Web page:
If you permit assisted suicide then you have a choice between leaving it in the hands of the doctors (subject to informed consent from the patient) or in the hands of close relatives or perhaps people nominated under a living will. I imagine no one would seriously suggest that it should be left in the hands of close relatives because the potential for abuse is just overwhelming.

That leaves doctors. I don't know how much time Longrider has spent in geriatric wards recently, but I watched my grandmother die in one and was appalled at the way patients complaining of mild pain (as in the patients described the pain as mild and were quite perky and talkative) were put on huge doses of morphine. My grandmother was one of those. At 3pm she was talkative and bright, an hour later she was put on a morphine pump and she died later that evening. Geriatrics are already dying because doctors decide that their lives are not worth living. Geriatrics are a strain on NHS resources. It may start with assisted suicide on an informed consent basis only, but I have no doubt that it will lead eventually to doctors being allowed to pick and choose between their patients.

I agree that it is a very difficult situation for terminally ill or profoundly disabled patients who want a quick end of their choosing.


Devil's Kitchen said...


As Katy said, it is possible that there really isn't a protocol. My gut feeling is that, in some extreme cases, assisted suicide should be an option.

However, I can completely understand your reluctance to be the one to do it, and I also realise that - given the inevitable abuse - that there is probably no protocol that we can draw up.

Thus I find myself in the bizarre position of being in favour of euthanasia, but against legislating for it.


Tim Worstall said...

Oddly, rather than being too rigid on this I’m actually not being rigid enough.
I’m well aware that euthanasia already happens. I just don’t want it to become legal so that it becomes more prevalent.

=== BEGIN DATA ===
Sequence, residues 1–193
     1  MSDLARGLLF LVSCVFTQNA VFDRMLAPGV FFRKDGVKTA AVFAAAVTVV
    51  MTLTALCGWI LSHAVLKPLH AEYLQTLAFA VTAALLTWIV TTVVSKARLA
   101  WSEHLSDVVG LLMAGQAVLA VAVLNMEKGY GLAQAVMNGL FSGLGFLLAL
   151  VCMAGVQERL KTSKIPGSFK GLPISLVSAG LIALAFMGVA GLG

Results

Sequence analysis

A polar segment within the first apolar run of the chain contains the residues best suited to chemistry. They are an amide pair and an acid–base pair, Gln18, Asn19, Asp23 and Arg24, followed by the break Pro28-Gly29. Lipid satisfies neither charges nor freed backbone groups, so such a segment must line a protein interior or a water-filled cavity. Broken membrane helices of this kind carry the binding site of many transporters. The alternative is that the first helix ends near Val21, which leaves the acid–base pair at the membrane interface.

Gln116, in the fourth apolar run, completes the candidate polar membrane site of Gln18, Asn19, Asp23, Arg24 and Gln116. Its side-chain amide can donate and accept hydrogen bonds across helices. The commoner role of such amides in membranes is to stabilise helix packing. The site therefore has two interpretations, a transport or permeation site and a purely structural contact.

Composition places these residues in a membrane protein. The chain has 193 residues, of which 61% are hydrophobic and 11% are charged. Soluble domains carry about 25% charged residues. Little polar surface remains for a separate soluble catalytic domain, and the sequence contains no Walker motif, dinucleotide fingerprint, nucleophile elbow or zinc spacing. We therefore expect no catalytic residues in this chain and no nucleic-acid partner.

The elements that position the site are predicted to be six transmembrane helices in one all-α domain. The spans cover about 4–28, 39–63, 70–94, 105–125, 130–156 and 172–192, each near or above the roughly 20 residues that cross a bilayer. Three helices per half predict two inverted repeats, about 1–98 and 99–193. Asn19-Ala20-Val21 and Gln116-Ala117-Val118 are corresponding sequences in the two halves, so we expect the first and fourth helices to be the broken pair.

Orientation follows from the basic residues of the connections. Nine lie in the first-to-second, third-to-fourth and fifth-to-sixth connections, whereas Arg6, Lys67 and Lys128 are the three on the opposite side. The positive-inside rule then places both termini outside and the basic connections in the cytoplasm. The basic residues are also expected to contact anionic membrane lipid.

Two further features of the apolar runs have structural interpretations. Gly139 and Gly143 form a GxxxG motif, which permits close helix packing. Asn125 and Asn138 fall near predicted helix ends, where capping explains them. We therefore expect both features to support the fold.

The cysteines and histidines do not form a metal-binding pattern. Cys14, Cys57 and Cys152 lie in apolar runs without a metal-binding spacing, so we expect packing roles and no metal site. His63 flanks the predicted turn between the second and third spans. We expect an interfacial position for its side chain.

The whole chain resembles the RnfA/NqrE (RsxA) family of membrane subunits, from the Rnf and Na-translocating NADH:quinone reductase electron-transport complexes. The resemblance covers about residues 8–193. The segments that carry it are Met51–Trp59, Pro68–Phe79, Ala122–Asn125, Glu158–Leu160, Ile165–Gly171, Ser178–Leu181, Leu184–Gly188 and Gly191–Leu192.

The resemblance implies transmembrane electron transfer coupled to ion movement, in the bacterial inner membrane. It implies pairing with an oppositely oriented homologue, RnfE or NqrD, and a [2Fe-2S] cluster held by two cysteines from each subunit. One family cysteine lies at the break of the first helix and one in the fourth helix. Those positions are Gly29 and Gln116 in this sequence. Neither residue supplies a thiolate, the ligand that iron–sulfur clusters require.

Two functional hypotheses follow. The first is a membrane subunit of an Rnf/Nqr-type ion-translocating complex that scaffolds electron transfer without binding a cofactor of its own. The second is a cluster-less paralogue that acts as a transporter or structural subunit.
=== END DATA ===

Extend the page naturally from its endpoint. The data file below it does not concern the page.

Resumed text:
As far as I can see the current system is that it is illegal, we all know it happens and much of it is imply not mentioned.
Occasionally a case is prosecuted (I remember one in the 80s where a doctor killed, quite deliberately, someone with, was it a type of arthritis? and was tried.)
Then it’s up to a jury to decide: Murder, manslaughter, or good medical treatment.
That Doctor was found to have provided good treatment BTW.
This is a fudge, it’s a very British compromise, and I think it’s exactly what we should stick with.
There is no possible protocol that doesn’t take us down that slippery slope. We’ll just have to leave it as it is, a fudge, with the might of the law ready to come down on those who go too far and a lot of winking and nudging about whether it happens at all.
Some things, including the way we go out of it, simply cannot be solved in this life.

Katy Newton said...

In relation to what Tim said, generally speaking if a relative is convicted of manslaughter for having effectively assisted the suicide of a profoundly disabled or terminally ill person, they would be very, very unlikely to go to prison and I agree with him that it is a very British compromise. In a situation where it is clear that that has happened I understand that the CPS would usually charge manslaughter rather than murder on public interest grounds. It's the law's way of acknowledging that there are circumstances in which killing someone may be understandable, without taking the further and (in my view) very wrong step of saying that it is acceptable. Thin line, I know, but I think it's right.